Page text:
Mueller report details emerge, but few see fight as over
Nora Kubiaczyk poses for a photo in downtown Minneapolis on Sunday, March 24, 2019. (AP Photos/Jeff Baenen)
The first glimpse into the special counsel's investigation of Russian interference in the 2016 election did little to mend a gaping American political divide.
The four-page summary of Robert Mueller's probe released by Attorney General William Barr didn't satisfy many who wanted more details. But in a bitterly divided country, the little bit that was known stirred cheers from many Republicans and scoffs from many Democrats.
"The one side that's happy is happy. And the other side that's not happy wants to do some more investigation or do something else," said Stephen Turner, an electrical engineer from Belmont, North Carolina, who is Republican and voted for Trump. "I wish it'd just go away."
Across the union, the split reaction to the Mueller news repeated.
In West Palm Beach, Florida, along the route Trump's motorcade took before returning to Washington on Air Force One, Mary Jude Smith got a wave and a smile from the chief executive. The 71-year-old retiree from Hypoluxo, Florida, speaks about him with passion, and insists he has been exonerated. She sees the investigation as Democrats' pathetic attempt to impeach Trump.
"I think Mueller was a crook. He wasted millions of our tax dollars for nothing," she said, before offering her assessment of Trump: "He's as clean as the driven snow."
In blue-state New York, 49-year-old filmmaker Dan Lee of Brooklyn Heights felt let down by Mueller and left with more questions than answers.
"It stings a little, because I trusted Mueller," said Lee, a Democrat. "There are still so many questions and it seems inconceivable that obstruction isn't one of the conclusions."
In red-state West Virginia, 44-year-old truck driver Michael Tucker of Bancroft, declared the Russian investigation "a joke, for the most part" and that Trump has been treated unfairly.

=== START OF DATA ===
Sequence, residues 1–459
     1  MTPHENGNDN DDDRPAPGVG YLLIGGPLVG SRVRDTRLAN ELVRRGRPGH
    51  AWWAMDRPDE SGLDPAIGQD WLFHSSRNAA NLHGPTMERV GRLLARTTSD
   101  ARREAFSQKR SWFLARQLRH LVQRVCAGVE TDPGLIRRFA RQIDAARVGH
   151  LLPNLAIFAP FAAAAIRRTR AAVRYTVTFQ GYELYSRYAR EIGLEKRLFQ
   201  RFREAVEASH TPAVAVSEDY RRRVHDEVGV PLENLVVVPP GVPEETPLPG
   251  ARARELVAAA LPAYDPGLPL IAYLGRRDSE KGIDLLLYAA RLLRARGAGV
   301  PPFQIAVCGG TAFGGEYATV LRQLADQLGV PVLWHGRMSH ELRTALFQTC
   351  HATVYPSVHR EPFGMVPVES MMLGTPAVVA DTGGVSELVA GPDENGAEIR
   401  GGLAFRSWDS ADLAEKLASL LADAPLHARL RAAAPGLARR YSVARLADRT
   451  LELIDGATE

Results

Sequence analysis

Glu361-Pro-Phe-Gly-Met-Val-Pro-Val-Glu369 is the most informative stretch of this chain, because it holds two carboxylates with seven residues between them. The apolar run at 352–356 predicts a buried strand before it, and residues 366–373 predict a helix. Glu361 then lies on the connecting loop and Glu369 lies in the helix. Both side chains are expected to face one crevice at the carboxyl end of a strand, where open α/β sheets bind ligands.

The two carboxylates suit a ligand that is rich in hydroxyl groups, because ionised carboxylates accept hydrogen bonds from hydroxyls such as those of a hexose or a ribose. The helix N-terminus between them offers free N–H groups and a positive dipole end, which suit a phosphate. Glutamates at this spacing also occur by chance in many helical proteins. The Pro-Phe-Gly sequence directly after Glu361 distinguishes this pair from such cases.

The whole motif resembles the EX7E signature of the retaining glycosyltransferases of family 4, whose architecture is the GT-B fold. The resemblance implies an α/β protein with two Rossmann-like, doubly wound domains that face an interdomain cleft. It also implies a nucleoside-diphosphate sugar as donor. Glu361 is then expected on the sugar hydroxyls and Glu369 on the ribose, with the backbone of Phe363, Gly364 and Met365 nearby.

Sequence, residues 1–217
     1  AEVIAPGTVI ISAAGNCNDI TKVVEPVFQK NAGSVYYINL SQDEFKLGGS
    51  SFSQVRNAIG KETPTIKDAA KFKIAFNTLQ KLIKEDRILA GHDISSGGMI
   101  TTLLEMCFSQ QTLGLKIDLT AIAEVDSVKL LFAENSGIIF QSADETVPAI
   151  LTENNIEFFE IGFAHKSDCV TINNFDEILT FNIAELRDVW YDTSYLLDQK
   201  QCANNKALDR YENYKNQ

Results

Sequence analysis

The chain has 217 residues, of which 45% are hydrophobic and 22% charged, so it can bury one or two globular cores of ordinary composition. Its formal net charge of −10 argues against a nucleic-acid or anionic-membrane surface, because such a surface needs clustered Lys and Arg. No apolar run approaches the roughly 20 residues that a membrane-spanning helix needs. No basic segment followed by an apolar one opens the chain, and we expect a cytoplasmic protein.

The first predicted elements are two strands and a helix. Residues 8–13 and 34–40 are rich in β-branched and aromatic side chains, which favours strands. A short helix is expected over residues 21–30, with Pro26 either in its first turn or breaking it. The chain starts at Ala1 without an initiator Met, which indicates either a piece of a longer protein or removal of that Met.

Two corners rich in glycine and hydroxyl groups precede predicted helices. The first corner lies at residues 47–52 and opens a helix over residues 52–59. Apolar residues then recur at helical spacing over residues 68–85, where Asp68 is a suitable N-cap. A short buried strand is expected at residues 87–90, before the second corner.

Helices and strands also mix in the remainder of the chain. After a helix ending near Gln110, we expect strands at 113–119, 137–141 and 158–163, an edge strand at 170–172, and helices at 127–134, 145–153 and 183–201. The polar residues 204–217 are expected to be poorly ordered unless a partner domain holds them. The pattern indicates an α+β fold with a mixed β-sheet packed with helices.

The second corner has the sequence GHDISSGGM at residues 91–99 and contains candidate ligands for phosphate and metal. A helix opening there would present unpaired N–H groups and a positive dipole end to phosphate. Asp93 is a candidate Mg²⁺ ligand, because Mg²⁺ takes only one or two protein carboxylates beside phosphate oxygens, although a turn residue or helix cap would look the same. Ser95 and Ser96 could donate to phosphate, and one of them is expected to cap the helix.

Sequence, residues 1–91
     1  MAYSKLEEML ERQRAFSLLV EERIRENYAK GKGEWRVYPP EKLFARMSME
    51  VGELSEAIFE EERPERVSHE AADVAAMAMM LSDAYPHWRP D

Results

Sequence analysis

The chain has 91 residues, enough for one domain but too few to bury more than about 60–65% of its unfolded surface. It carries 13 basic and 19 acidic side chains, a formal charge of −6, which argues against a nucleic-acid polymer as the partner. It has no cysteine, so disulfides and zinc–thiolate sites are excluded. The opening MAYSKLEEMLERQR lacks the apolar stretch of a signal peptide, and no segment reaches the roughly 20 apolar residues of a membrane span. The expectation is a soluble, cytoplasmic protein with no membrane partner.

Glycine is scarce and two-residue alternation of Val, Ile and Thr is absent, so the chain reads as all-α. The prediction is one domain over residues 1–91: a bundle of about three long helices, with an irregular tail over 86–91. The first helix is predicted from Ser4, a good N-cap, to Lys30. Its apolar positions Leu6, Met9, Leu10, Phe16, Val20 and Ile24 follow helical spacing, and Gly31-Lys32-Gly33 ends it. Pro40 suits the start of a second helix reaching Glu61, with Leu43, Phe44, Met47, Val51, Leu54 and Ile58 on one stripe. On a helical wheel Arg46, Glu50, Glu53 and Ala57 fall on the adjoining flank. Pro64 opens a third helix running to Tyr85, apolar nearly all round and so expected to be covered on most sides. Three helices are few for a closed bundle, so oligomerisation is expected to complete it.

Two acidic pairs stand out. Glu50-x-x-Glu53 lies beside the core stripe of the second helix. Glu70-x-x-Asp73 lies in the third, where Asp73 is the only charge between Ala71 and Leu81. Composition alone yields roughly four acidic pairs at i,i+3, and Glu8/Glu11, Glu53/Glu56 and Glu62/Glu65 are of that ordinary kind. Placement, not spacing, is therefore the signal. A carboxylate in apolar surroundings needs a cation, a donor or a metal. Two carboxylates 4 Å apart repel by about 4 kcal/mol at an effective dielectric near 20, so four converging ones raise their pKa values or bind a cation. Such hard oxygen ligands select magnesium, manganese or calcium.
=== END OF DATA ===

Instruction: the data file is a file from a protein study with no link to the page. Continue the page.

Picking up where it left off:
"It's one witch hunt after another," said Tucker, who gave his vote to Trump in 2016 and likely will again next year. "If they could have found anything, they would have."
There were morsels in Barr's letter both sides could savor. For Republicans, it was acknowledgement that there was no evidence Trump or his campaign conspired with Russia. For Democrats, it was the admission that while Trump wasn't charged with obstruction, he also wasn't exonerated.
Trump supporter Richard C. Osburn, 52, a nurse from South Charleston, West Virginia, said Mueller's findings were proof the president was "drug through the mud." He knows Democrats are "hell-bent" on destroying Trump, but says it's time for the president to be given a break.
"The things that the man's doing to try to help the average worker in this country never gets recognized by the mainstream media," said Osburn, a longtime Republican. "They would rather hate, hate, hate than recognize accomplishments. Those days have got to stop."
In Los Angeles, 57-year-old accountant Sue Arani, checked news on her phone as she took her dog for an afternoon walk Sunday. She calls herself a Republican-leaning voter, though she gave her support to Clinton in 2016. She trusts Mueller, but even with Barr's release, she thinks there was collusion between Trump's campaign and the Russian government.
"The public needs to see the report," she said, "especially before the next election."
Claire Finkelstein, a University of Pennsylvania professor who founded the Center for Ethics and the Rule of Law, said if the full report isn't made available to the public and its contents become known only through leaks and back channels, it would be damaging to faith in the government.
"Secrets are where conspiracy theories fester and grow," Finkelstein said. "The only way that we are going to be able to move past this state of affairs is by as much coming out into the light as possible. Let's flesh out the facts, let's get them on the table and have a robust conversation."
What seemed certain was there would be no end to the debate over Trump, Mueller's investigation, and the political divide across the U.S.
In Oklahoma City, Oklahoma, 74-year-old Richard Howell, a supporter of the president, said news of the Mueller report proves what critics of the investigation have been saying all along.
"So we spent two years and millions of dollars," he said, "worrying about nothing."
In Gaston County, North Carolina, Trump voters outnumbered Clinton backers nearly two-to-one in 2016, but Joy Owens didn't budge from her opposition. She believes Mueller has done a good job with the investigation but she's left feeling unfulfilled.
"I keep hoping that if we just be patient, we be patient for a little bit longer, that there will be justice," said Owens, 66, who recently retired from running a yarn shop and framing business. "I cannot believe of all the other convictions that are happening about this that Trump is going to be scot-free on this."